The church had, and still has, great importance among the black people in America, especially in Atlanta. The church has served as an unquestionable spiritual and social core of the African American community in the city. Here are some of the historic African churches in Atlanta that will forever be important in the history of the black people in Atlanta.
- The Ebenzer Baptist Church
One of the African churches in Atlanta is the Ebenezer Baptist Church. This church has been founded in 1886 and is considered as the home to many influential figures who shaped the city of Atlanta as we know it today. Around the 1960s, both the senior and junior Martin Luther Kings served on the church as co-pastors. They have worked really hard in providing spiritual guidance.
- Big Bethel AME
Another from the collection of the African churches in Atlanta is the Big Bethel. The foundation of this church dates back in 1847 which marks it as the oldest African American church built in Metro Atlanta. Thirty two years later, the first public school in Atlanta for the African Americans was built on the basement of the Big Bethel and was aptly named as Gate City Colored School. Big Bethel was also known in another name. It was recognized as “Sweet Auburn’s City Hall” because of the importance it exuded among the black community in the city. The Big Bethel still stands until now and it also served as aide-mémoire of the many milestones that marked on the history of the city.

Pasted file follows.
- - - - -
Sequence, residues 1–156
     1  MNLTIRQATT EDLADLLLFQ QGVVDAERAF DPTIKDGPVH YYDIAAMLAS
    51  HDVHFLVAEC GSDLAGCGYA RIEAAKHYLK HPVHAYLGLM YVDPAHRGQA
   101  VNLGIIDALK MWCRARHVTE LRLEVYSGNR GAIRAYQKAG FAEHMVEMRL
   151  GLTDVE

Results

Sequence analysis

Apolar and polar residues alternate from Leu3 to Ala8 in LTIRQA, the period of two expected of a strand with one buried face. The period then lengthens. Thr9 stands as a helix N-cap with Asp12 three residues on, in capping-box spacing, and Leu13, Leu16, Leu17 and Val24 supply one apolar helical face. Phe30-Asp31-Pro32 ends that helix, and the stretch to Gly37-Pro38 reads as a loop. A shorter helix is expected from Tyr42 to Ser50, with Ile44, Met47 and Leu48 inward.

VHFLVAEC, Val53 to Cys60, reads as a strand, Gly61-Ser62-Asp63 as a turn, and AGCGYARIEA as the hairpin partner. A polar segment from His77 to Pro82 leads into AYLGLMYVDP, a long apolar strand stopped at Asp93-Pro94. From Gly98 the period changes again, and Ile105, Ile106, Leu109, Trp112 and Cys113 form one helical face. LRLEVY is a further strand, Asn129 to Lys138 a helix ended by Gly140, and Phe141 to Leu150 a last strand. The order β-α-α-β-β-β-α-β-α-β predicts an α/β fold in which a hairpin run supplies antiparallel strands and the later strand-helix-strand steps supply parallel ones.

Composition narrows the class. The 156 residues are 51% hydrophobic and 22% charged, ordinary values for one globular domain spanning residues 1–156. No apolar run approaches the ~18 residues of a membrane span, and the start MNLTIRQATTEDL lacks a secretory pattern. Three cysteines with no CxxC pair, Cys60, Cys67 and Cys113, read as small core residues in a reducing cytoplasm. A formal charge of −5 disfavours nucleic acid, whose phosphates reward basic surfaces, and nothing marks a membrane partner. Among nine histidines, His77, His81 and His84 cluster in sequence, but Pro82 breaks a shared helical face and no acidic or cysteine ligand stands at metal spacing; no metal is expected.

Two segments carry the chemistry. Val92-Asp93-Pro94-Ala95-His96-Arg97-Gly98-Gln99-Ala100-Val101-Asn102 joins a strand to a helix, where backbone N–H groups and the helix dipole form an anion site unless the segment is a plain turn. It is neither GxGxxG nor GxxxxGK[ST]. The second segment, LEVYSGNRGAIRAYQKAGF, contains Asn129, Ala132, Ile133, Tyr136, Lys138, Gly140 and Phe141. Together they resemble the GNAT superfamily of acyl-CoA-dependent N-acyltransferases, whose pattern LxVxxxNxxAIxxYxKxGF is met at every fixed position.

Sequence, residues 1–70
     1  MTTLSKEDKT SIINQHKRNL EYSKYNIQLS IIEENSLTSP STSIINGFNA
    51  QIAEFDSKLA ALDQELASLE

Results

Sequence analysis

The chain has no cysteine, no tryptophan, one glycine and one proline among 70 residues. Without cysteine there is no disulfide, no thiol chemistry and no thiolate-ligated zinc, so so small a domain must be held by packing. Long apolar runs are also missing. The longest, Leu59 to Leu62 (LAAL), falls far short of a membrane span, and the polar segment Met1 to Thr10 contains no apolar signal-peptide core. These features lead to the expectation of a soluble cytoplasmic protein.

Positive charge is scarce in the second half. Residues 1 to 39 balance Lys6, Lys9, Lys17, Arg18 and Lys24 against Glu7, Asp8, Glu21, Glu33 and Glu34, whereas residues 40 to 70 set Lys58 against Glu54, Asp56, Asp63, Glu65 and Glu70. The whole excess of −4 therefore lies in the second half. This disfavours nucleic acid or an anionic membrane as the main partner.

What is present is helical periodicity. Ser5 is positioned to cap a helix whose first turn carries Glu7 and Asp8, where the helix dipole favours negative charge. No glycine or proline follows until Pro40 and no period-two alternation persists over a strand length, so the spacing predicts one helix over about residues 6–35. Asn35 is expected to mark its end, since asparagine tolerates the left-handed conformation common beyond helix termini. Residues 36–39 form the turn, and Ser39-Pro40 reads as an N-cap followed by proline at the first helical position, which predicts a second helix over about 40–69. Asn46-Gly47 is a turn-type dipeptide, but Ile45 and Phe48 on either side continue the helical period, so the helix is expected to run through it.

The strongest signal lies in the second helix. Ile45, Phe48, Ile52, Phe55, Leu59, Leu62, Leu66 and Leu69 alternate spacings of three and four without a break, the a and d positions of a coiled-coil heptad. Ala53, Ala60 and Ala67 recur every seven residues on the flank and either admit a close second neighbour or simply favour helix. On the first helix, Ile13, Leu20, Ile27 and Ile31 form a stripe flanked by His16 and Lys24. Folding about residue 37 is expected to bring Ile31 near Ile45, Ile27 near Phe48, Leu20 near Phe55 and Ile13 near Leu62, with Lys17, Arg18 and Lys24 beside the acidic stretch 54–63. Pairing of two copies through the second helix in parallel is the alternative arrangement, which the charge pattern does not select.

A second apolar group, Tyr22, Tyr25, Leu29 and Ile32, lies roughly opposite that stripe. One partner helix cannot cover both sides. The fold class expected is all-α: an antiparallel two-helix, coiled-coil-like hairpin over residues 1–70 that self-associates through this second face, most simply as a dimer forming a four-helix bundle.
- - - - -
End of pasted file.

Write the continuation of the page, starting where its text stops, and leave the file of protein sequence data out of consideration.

- Friendship Baptist
Friendship Baptist is another church from the many historic African churches in Atlanta. It was built in 1862 and among the African churches in Atlanta it is the oldest, to date, African American Baptist church in the city. This church has played a very important role in the city’s educational system. The church was also where Atlanta University, Spelman College, and Morehouse College’s first classroom was situated. Friendship Baptist was also known as the Mother Church among the many Atlanta Baptists.
There are many African churches in Atlanta as these sacred places play an important role to many African Americans in the United States.